So far, we’ve been running our shinytableau extensions locally from within RStudio. Needless to say, this isn’t a suitable deployment strategy for putting extensions into production—you don’t want Tableau dashboards to stop working just because you closed your laptop and went home!

Deploying shinytableau extensions is mostly no different than deploying any other kind of Shiny app. The three main options offered by RStudio are:

  1. for cloud hosting of Shiny apps. This is definitely the easiest to get started, as there’s no software to install and configure, and you deploy your app by clicking a button in the RStudio IDE. Free and paid plans are available.

  2. Shiny Server is our open-source solution for on-premises deployment. A Linux server is required, and you’ll need to install R and any R packages used by your Shiny apps. Deployment of apps is performed by copying files to the server and editing config files (similar to Nginx or Apache).

  3. RStudio Connect is our flagship publishing platform. With RStudio Connect, you can share Shiny applications, R Markdown reports, Plumber APIs, dashboards, Jupyter Notebooks, interactive Python content, and more in one convenient place. Like, Shiny apps are deployed with push-button publishing from the RStudio IDE.


Authentication for shinytableau extensions is a bit more complicated than that of regular Shiny apps, and several different factors must be considered to balance your security needs with a smooth end-user experience. (Note that and RStudio Connect offer built-in support for authentication, but Shiny Server Open Source does not.)

The first question to consider is whether your shinytableau extension needs authentication at all. We anticipate that many or most shinytableau extensions will not have direct access to their own data, but instead read the data from the Tableau dashboard’s worksheets. If that is the case, and there’s no danger in having an unauthorized or even malicious user embedding the shinytableau extension in their own Tableau dashboard, then consider allowing anonymous access to your deployed extension. This will sidestep most of the issues in this section.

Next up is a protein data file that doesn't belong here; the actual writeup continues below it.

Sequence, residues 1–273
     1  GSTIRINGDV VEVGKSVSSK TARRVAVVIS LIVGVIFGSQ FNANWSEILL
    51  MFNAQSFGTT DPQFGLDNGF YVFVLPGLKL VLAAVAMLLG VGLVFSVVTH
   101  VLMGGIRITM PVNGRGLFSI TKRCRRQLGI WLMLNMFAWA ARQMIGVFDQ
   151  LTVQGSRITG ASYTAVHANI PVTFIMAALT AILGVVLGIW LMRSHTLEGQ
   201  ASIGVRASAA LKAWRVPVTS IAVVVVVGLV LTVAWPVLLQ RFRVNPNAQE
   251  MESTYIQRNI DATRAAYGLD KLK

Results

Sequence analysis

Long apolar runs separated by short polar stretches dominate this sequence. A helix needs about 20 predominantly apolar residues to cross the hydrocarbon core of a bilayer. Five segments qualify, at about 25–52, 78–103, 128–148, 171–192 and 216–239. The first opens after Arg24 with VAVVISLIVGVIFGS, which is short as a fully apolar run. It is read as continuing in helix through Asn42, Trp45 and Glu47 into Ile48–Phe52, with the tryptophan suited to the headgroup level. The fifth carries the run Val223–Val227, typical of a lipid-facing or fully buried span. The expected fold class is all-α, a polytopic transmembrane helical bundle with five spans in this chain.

Second, it’s important to note that Safari 13.1 and newer prevent shinytableau authentication from working (this only affects Tableau Server and Tableau Online, not Tableau Desktop). This is because shinytableau extensions run within an <iframe>, and will generally run on a different domain than the enclosing page (the Tableau dashboard); this configuration results in our authentication cookies being considered third-party cookies, which Safari 13.1 aggressively blocks. At the time of this writing, we do not have a solution for this problem, other than to ask users to turn off Safari 13.1’s third-party cookie blocking by going into Preferences > Privacy and unchecking the global Prevent cross-site tracking setting.

Third, if you still want to use authentication after the above caveats, note that logging into an app that is hosted in an iframe is not a good idea1 from a security perspective. RStudio Connect 1.8.6 has a special iframe authentication code path that launches a new browser window/tab to authenticate, which completely solves this problem, so we highly recommend going that route if you can. You can use and Shiny Server Pro for authenticated shinytableau extensions, but the user experience will be worse for users that have credentials for Server Pro but are not logged in at the time that they visit the Tableau dashboard.

  1. Most well-designed login forms will not allow themselves to be presented when hosted in an iframe, as a preventative measure against clickjacking and phishing attacks.↩︎